The Rev. Dr. Robert S. Langworthy, preaching
May 19, 2019
In late summer 1945, Joe DiMaggio, then baseball’s greatest player, had just returned home after serving abroad in World War II. The day before he rejoined the Yankees, DiMaggio decided to sneak into Yankee Stadium to enjoy a game like any other fan. Joe DiMaggio Sr. brought along with him his four-year-old son, Joe Jr.
Despite his best efforts to keep a low profile, one fan recognized him and then another. Soon throughout the stadium people were chanting, “Joe, Joe, Joe DiMaggio!” DiMaggio glanced at his son to see how he was handling the tribute. Joe Jr.’s eyes were big with happy wonder as he exclaimed, “Wow, Daddy! Everyone knows me!”
DiMaggio Jr. made a childish mistake and assumed that all the glory that afternoon belonged to him rather than his father. Often we adults, not so innocently, make the same mistake with respect to our Father in heaven. A part of us wants to believe life is all about us and our being glorified when in reality it’s all about our Heavenly Father and His being glorified. We worship each week to set our heads straight and to focus upon the One who should be acclaimed first and foremost.
What does it mean to worship? It is to take a good look at what God is worth, and give Him what He’s worth. To worship is to do justice to God’s “worthship”!
Our great God is worth our joining all creation in giving Him the honor and praise that belong to Him.
Today’s Psalm urges every creature in heaven and on earth to glorify God. In its first half, starting at verse 1, the Psalm looks at what is above us and commands, “Praise the Lord from the heavens;” and in its second half, starting at verse 7, it looks at what is around us and commands, “Praise the Lord from the earth!” In its first half, it calls on angels, the sun, the moon, the stars, the sky and the “waters above” (that is, the clouds) to glorify God; in the second, it calls on sea monsters, wild animals, cattle, birds, fruit trees, fire and hail, snow and frost, stormy winds, mountains, hills and human beings, male and female, old and young, to glorify God. Though such creations are glorious in themselves, each of them is to magnify God supremely, “for his name alone is exalted; his glory is above earth and heaven.” God’s glory surpasses the glory of all their glories.
In worship we declare that God is great – in fact, greater than every other great thing and all other great things combined. We even declare that God is greater than we can conceive or put into words.
All other glorious things owe their glory to the Father of all glories. Thus, all glorious things, rightly appreciated, point beyond themselves to the still greater God on whom they depend. God’s glory is a greater glory above theirs.
Thus, God deserves our priority effort and our best effort in giving due honor and adulation.
Of course, God is so great that we can never give Him all the adulation and adoration He merits. Our powers of mind are too limited and weak. For that matter, we even lack the capacity to take in the full grandeur of His magnificence. Let me try an analogy.
Paul Crowther, professor of astrophysics from the University of Sheffield in England, recently announced that his research team had caught sight of the brightest star in the universe discovered thus far. A welder’s helmet couldn’t enable us to face the blazing light from this giant. Its mass is 265 times that of our sun; and its luminescence, 10 million times brighter than that of our sun whose brilliance is so overwhelming that to look at it long is to risk blindness. This star, called R136a1, makes ours look like a dying ember on the family BBQ.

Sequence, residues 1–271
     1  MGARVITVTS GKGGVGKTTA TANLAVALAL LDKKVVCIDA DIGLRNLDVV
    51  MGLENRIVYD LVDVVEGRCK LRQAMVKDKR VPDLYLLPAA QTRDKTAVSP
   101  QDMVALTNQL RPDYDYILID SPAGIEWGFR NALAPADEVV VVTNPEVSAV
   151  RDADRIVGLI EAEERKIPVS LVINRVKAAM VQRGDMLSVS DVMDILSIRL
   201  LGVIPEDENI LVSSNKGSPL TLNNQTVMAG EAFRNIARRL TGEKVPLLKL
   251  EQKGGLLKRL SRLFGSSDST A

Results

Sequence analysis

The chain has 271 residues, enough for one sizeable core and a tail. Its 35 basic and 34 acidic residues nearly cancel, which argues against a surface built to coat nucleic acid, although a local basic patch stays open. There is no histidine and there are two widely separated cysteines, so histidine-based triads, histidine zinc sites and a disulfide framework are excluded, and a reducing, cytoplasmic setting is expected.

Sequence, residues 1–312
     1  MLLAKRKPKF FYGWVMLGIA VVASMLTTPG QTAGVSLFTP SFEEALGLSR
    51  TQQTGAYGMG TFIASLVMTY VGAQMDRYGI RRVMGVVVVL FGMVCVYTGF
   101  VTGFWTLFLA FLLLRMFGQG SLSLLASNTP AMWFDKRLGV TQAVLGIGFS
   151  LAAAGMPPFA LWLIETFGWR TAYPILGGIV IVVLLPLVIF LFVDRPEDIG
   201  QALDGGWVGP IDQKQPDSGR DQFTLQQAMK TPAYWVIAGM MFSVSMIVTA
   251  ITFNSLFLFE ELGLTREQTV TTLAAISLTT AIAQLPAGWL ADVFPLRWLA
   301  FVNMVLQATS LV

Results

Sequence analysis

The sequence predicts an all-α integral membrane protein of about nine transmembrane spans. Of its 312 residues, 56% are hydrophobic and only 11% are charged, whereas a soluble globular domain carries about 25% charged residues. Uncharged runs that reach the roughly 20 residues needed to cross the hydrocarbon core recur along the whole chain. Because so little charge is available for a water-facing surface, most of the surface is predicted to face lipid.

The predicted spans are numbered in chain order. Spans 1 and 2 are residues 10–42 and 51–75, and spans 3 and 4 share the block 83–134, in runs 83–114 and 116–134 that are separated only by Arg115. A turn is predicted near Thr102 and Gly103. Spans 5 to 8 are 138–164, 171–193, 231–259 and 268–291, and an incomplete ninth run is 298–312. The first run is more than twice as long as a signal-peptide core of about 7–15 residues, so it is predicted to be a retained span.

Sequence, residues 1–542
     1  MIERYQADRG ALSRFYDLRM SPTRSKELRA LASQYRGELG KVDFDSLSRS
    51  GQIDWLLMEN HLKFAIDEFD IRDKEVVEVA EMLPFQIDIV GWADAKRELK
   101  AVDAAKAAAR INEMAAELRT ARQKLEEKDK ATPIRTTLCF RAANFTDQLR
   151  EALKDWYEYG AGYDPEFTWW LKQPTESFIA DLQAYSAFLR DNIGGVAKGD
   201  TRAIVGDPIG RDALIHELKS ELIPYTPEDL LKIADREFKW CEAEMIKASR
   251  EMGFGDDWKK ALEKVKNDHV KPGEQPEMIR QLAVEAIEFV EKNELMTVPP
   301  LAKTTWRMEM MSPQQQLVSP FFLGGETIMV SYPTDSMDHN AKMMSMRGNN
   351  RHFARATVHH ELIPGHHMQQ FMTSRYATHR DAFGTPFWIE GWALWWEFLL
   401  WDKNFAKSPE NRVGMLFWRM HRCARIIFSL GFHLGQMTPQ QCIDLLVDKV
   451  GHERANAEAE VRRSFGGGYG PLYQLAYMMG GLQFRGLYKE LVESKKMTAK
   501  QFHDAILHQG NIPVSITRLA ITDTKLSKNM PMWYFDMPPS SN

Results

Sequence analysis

The radiance of R136a1 gives us a faint suggestion of God’s glory. The Bible in 1 Tim. 6:16 tells us that God is “he alone who…dwells in unapproachable light, whom no one has ever seen or can see.” God is too much for us. Fully to apprehend His greatness is beyond our reach. While we can know God truly, we can never know Him completely. While we can praise Him with our words, He is always greater than we can say. And even our highest worship and best theologizing, for all the awe and wonder they express, fall short in capturing the immensity of God’s sublimity. Alfred, Lord Tennyson, in his poem In Memoriam, prayed thus: “Our little systems have their day; they have their day and cease to be. They are but broken lights of thee; and thou, O Lord, art more than they.”
Though God is always “more”, He nevertheless delights in our coming to know Him and His magnificence better and better.
In C.S. Lewis’ The Chronicles of Narnia, a children’s book series whose depths of wisdom are more than a match for most adults, Aslan – a great lion who symbolizes Christ – and Lucy – a little girl who loves Him dearly – meet again after several years. Lucy exclaims, “Aslan, you are bigger now!” Aslan shakes His head and replies, “Lucy, that’s because you are older. You see, Lucy, every year you grow, you find me bigger.” Christ is infinite and perfect in glory, and thus never grows; but our powers to see Him can. Many of us now see the Lord more clearly than we used to; and those of us who know Him best realize there’s no end to the discovery of His greatness and goodness.
May we keep growing – as we regularly take in the awesome wonder of God by worshipping Him, studying His word, and serving Him in the Spirit – and thereby are surprised over and over again by how glorious He is!
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